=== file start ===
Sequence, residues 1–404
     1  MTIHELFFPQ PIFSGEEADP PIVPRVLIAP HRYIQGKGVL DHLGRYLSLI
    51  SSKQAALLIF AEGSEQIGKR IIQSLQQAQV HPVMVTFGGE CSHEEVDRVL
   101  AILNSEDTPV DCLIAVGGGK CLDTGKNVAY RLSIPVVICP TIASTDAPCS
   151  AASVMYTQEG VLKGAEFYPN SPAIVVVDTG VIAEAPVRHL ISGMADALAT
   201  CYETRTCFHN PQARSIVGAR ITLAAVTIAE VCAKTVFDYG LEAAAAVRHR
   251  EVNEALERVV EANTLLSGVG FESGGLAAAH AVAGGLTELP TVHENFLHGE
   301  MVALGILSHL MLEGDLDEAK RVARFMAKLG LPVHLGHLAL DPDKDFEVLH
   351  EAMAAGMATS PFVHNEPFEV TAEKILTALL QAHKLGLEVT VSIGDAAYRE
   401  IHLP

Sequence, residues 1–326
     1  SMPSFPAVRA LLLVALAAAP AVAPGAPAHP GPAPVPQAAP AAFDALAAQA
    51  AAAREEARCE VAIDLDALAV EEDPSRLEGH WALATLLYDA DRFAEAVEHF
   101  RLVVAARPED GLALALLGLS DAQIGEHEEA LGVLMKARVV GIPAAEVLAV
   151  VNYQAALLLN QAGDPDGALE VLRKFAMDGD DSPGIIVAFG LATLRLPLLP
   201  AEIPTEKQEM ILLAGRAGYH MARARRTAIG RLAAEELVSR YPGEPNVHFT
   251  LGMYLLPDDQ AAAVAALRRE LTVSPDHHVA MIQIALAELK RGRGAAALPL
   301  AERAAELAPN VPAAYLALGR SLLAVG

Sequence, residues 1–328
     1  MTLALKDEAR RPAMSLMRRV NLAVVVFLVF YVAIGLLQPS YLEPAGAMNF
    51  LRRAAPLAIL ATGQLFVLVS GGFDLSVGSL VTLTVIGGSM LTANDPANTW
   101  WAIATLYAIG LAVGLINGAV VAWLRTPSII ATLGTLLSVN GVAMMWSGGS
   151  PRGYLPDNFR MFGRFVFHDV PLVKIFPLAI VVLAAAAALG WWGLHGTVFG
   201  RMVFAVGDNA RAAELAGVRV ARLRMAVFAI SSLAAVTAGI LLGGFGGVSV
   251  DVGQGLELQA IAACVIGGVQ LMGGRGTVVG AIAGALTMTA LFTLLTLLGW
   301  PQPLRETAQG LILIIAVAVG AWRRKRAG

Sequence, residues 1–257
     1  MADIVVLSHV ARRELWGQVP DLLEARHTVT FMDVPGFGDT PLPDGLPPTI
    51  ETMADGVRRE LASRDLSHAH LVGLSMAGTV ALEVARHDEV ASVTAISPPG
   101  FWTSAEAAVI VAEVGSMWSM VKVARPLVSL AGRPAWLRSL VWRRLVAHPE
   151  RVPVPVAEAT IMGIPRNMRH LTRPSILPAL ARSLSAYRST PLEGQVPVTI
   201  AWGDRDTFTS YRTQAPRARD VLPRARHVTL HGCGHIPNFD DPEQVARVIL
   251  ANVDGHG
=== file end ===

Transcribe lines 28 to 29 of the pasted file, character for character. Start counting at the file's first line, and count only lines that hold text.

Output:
     1  MADIVVLSHV ARRELWGQVP DLLEARHTVT FMDVPGFGDT PLPDGLPPTI
    51  ETMADGVRRE LASRDLSHAH LVGLSMAGTV ALEVARHDEV ASVTAISPPG